ARCADIS UK (http://www.arcadis-
In essence, the groundwater plant scheme involves a new drainage system and additional pollution control measures to afford a greater level of protection for the island's water supply.
The new plant will treat surface and groundwater from the international airfield, before entering the Beau Valley stream to the north of the airport boundary, and help filter out traces of a toxic chemical, previously used in firefighting foam and called perfluorooctane sulfonate (PFOS).
An environmental requirement of the Airport 2040 development, www.gov.gg/airport2040, which will equip the airfield to service the island for the next 30 years, the work dovetailed with an £80m project to upgrade the airport's surfaces.
The operation of the treatment plant was required under waste licence to allow removal of 7,000m3 of soil contaminated with PFOS; affected soil was sealed inside a container and covered with a mound of earth.
Production of PFOS began to be phased out in 2000; now concentrations in finished and semi-finished products must no exceed 10mg/kg.
The success of the environment project was achieved through in-house multi-disciplinary teamwork and experienced site staff, with Trant's specialist clean water engineering team leading the way.
Trant worked closely with ARCADIS UK, Guernsey Airport (http://www.guernsey-
It was reportedly the first scheduled closure, other than Christmas Day, since 1974.
The scheme is designed to filter flows of us to 20l/s by diverting these from the Lovers Leap outfall up to the filtration plant where it passes first through anthracite filters and then through granulated activated carbon filters before returning by gravity back to Lovers Leap and discharged to stream.
Key partners on the project:
ARCADIS UK carried out the project management and overall design;
Trant Construction carried out the following detailed design in-house; anthracite pressure filters, granulated activated carbon, process, electrical and ICA;
Trant Construction was responsible for the civil, mechanical, electrical installation and commissioning;
Trant Systems Electrical (TSE) - www.t-s-e.co.uk - designed, manufactured, installed and commissioned the new motor control centre and treatment control panel. TSE also developed the functional design specification and process software.
Laurent Wallis, M&E Project Manager for Trant (http://www.trant.co.uk/)
"We have again been able to demonstrate our capabilities in providing complete civil, mechanical, electrical, design, construction and commissioning within programme.
"We'd like to take this opportunity to thank our partners and staff at ARCADIS UK for its considerable assistance and willingness to work together to successfully deliver the project to completion."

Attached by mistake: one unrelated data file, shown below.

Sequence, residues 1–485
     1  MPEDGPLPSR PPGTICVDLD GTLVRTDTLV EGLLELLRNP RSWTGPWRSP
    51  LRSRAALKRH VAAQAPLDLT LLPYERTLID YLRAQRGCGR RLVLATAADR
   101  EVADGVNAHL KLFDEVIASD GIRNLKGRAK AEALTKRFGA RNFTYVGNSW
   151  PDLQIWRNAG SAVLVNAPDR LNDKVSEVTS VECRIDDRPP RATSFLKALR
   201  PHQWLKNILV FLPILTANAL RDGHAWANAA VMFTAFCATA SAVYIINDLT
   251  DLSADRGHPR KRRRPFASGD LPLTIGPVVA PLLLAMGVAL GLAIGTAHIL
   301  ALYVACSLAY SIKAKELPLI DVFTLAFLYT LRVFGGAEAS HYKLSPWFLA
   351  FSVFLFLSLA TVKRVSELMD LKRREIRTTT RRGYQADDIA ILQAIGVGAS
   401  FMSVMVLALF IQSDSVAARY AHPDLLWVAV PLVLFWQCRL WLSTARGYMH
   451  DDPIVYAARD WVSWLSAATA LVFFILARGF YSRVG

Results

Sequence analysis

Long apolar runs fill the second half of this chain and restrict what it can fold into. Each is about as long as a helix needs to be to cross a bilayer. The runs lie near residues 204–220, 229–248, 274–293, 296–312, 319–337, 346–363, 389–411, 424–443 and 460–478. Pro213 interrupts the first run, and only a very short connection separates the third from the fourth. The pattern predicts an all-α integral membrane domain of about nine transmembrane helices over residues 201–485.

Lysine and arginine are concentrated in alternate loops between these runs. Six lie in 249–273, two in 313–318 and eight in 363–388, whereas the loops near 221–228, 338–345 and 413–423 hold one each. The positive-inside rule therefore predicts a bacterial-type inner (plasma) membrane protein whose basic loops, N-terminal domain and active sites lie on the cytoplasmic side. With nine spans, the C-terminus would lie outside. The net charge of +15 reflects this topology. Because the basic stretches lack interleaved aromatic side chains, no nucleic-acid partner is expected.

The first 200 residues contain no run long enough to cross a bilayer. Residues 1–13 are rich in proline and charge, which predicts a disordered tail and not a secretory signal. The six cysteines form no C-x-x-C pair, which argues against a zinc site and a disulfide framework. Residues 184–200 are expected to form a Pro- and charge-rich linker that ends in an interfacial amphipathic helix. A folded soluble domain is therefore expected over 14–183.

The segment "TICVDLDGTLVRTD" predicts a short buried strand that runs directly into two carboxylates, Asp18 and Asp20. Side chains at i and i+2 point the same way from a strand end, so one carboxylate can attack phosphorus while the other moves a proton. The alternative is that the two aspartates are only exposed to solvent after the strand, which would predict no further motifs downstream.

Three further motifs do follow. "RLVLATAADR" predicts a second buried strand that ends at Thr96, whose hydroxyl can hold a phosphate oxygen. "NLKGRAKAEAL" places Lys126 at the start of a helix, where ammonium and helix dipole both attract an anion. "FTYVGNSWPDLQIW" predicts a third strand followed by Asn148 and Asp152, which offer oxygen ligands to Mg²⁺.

ARCADIS UK, which carried out the environmental study and design for the scheme and project-managed construction, said: "Because of the client's compressed time schedule, the specification was performance-
"Procurement of the bespoke process elements was always going to be extremely challenging as this was where the critical path lay.
"Part-way through the nine-month build, the client requested to have the plant functional two weeks earlier than March 30th planned completion.
"This was to ensure that ground water would be treated when excavation started on March 20th for the ensuing runway improvement contract. The challenge was met by Trant who made great efforts to successfully achieve this."
How the mission was achieved:
A site compound was first established encompassing Lovers Leap and a section of the Airport Fire Training Ground, which was assigned landside status for ease of construction activities.
Key factors in project delivery were providing Guernsey Airport with project flexibility, continued equipment supplier support, post-contract completion (The States of Guernsey expects and requires the same level of response from suppliers as if on the UK mainland) and continued process support, post-contract completion.
Specific points related to the contract:
Trant's design team worked closely with ARCADIS UK and Guernsey Airport to ensure that the project remained on schedule and that the particular health and safety and security aspects involved with working on an international airport were adhered to.
Advanced notice was required for lifting operations.
Low visibility periods are common during the first quarter of the year on Guernsey and due to safety concerns it was necessary to suspend all works in designated areas and postpone lifting operations.
Due to Guernsey's small and busy road network it was necessary for larger items of plant and equipment to be brought in along the island's designated heavy goods route prior to 6am and across the airport runway with the assistance of airport operations.
With the largest crane on the island being 25 tonnes, and due to the layout of the filter plant, it was necessary to perform a tandem lift for each of the GAC filters.
Throughout the project Trant remained in close contact with airport operations and the control tower to ensure that sufficient notice was given of any requirements and that any safety concerns they had were dealt with immediately.